Oliver Peters developed a series of articles designed to put new and emerging video technologies into perspective. To read each section, click on the link below:
Video acquisition drives the rest of the production and post industry. These are the developments to watch in camera technologies during 2020: resolution, raw codecs, and mobile filmmaking.
Four editing applications dominate the professional market: Adobe Premiere Pro, Apple Final Cut Pro X, Avid Media Composer, and Blackmagic Design DaVinci Resolve. Established facilities are still heavy Avid users, with Adobe being the up-and-coming choice. This doesn’t mean that Final Cut Pro X lost out. Going into 2020, Apple can tout FCPX as the best-selling version of its professional editing tool. It most likely has three million users after nearly nine years on the market. While pro editors in the US are often reluctant to adopt FCPX, this innovative application has earned wider acceptance in the broader international market.
The three “A”s have been battling for editing market share, but the wild card is Blackmagic Design’s DaVinci Resolve. It started as a high-end color correction application, but through Blackmagic’s acquisitions and fast development pace, Resolve is becoming an all-in-one application rivaling Autodesk Smoke or Avid DS. Recent versions bring enhanced creative editing tools, making it possible to edit, mix, composite, grade, and deliver entirely from Resolve. No need to roundtrip with other applications. Blackmagic is so dedicated to Resolve as an editor that they introduced a special editor keyboard.
Apple enjoys a small fraction of the total computer market, yet has an oversized influence on video production and post. Look anywhere in our business and you’ll see a high percentage of Apple Mac computers and laptops in use by producers, DITs, editors, mixers, and colorists. This has influenced the development and deployment of certain technologies, such as optimization for Metal, Thunderbolt i/o, ProRes codecs, and more.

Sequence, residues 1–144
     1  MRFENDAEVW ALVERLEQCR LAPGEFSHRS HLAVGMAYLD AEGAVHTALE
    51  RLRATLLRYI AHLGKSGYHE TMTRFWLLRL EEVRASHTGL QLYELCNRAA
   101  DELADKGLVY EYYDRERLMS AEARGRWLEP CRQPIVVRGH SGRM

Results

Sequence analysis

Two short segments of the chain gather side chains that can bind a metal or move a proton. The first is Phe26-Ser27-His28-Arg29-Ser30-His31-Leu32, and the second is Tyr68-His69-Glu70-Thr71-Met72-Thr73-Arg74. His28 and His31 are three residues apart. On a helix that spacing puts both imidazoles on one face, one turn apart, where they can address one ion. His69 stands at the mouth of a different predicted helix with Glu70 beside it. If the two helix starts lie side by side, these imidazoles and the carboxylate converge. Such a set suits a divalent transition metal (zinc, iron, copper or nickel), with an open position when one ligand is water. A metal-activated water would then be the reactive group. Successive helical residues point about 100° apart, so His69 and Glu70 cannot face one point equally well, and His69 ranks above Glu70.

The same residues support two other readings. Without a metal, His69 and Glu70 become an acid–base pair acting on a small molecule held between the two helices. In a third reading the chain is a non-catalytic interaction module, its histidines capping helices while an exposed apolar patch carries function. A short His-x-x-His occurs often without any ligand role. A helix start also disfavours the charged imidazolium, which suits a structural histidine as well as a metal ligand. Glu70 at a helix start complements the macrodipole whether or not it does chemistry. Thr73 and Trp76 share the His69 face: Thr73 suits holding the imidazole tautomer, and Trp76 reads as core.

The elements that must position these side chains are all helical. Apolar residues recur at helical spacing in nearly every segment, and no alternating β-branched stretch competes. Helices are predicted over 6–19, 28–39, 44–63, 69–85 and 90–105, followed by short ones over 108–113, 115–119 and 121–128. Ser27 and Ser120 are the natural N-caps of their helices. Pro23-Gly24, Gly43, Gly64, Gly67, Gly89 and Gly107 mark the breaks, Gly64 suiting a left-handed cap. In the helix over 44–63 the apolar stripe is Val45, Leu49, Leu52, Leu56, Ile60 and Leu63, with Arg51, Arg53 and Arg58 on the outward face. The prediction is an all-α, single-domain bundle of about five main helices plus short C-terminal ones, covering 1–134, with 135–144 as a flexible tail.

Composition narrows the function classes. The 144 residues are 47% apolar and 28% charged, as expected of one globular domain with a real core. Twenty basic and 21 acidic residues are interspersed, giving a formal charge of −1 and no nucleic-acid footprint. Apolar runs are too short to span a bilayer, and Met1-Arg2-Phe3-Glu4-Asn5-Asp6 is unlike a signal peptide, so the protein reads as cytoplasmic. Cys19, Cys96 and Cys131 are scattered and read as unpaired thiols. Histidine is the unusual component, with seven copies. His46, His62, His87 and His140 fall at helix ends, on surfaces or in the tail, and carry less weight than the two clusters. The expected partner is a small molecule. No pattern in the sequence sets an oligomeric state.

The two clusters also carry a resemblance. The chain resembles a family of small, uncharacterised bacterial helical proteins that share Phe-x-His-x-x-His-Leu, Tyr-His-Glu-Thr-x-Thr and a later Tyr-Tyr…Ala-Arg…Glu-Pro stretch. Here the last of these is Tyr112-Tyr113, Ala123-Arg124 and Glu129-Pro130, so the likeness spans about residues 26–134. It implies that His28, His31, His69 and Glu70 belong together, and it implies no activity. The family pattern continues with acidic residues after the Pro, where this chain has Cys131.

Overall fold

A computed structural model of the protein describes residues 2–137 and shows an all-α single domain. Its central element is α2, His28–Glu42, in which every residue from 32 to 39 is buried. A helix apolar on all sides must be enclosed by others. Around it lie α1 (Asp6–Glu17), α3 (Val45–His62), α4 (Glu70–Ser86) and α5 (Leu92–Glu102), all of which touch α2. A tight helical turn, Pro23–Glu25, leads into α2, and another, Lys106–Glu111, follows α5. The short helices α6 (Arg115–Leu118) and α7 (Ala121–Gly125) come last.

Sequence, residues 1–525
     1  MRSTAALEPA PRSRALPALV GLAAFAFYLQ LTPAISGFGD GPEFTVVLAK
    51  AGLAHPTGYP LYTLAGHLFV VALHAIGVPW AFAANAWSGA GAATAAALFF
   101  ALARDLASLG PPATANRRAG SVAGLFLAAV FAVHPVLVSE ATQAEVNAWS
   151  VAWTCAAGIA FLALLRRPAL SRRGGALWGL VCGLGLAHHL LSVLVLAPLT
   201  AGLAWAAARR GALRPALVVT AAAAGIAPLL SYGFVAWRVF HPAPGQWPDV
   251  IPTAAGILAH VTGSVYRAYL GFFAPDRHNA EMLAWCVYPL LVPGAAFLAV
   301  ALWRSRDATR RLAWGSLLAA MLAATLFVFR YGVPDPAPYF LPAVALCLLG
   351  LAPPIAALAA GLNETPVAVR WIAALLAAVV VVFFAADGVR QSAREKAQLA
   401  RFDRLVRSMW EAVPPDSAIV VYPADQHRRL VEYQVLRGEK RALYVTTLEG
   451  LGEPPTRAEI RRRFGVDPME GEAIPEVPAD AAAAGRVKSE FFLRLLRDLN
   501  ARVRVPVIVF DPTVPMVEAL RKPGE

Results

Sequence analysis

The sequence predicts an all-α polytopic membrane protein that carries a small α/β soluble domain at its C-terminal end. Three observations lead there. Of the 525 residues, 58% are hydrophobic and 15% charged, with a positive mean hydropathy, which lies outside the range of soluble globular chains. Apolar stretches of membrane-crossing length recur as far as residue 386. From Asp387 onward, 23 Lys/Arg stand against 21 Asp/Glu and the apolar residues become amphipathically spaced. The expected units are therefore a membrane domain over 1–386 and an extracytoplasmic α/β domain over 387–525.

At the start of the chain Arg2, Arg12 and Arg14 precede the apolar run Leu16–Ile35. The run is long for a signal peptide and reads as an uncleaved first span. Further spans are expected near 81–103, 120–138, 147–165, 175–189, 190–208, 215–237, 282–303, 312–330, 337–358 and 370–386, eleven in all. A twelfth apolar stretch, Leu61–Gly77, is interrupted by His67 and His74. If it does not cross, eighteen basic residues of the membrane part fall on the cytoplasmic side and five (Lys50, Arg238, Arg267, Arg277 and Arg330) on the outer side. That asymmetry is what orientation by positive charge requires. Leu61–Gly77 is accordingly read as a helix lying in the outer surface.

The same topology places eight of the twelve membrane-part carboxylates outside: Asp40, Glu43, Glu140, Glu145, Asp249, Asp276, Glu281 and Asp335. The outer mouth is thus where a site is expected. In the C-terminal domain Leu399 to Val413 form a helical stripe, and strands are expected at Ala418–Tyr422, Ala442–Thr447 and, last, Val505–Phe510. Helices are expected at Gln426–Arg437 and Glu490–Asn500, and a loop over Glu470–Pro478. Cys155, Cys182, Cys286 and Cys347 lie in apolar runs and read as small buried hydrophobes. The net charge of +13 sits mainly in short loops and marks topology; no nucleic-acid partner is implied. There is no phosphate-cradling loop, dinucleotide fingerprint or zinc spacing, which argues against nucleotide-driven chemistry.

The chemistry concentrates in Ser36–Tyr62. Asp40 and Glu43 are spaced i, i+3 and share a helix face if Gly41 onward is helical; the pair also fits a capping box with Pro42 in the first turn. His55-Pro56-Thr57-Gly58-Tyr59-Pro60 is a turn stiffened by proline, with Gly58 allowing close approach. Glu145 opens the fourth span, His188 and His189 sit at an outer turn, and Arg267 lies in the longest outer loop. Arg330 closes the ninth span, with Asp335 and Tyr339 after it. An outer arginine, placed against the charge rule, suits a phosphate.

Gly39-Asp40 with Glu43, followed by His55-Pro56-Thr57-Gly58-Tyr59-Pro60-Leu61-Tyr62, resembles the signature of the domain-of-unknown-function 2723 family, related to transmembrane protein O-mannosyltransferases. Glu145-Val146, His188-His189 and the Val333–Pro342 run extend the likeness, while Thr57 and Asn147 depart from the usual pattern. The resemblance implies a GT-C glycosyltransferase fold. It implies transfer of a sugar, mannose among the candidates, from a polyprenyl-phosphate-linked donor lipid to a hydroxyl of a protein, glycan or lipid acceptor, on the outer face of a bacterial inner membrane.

This may irritate Windows users, but it’s something companies like Avid, Adobe, and others cannot ignore. Apple deprecates OpenGL, OpenCL, and CUDA in favor of Metal, and so, developers of software for Apple computers will follow suit so that their Mac-based customers enjoy a good experience.
The “cloud” is merely a collection of physical data centers in multiple locations around the world—not much different than a small storage center you might have. Of course, they employ more advanced systems for power, redundancy, and security than you do. When you work with one of the companies marketing cloud-based editing or a review-and-approval service, like Frame.io or Wipster, they provide the user-facing interface, but are actually renting storage space from one of the big three cloud providers—Google, Amazon, or Microsoft.
There are three reasons that I’m skeptical about ubiquitous, cloud-based editing (with media at native resolutions) in the short term: upload speeds, cost, and security.
Shared storage used to be the domain of “heavy iron” facilities with Avid, Facilis, and earlier Apple Xserve systems providing the horsepower. Thanks to advances in networking and Ethernet technology, shared storage is accessible to any user. Whether built-in or via adapters, modern computers can tap into 1Gbps, 10Gbps, and even higher, networking speeds. Most computers can natively access Gigabit Ethernet networks (1Gbps)—adequate for SD and HD workflows. Computers designed for the pro video market increasingly sport built-in 10GbE ports, enabling comfortable collaboration with 4K media and up. Some of today’s most popular shared storage vendors include QNAP, Synology, and LumaForge.
This technology will become more prolific in 2020, with systems easier to connect and administer, making shared storage as plug-and-play as any local drives. Network Attached Storage (NAS) systems can service a single workstation or multiple users. In fact, companies like QNAP even offer consumer versions of these products designed to operate as home media servers. Even LumaForge sells a version of its popular Jellyfish through the online Apple Store. A simple, on-line connection guide will get you up and running, no IT department required. This is ideal for the individual editor or small post shop.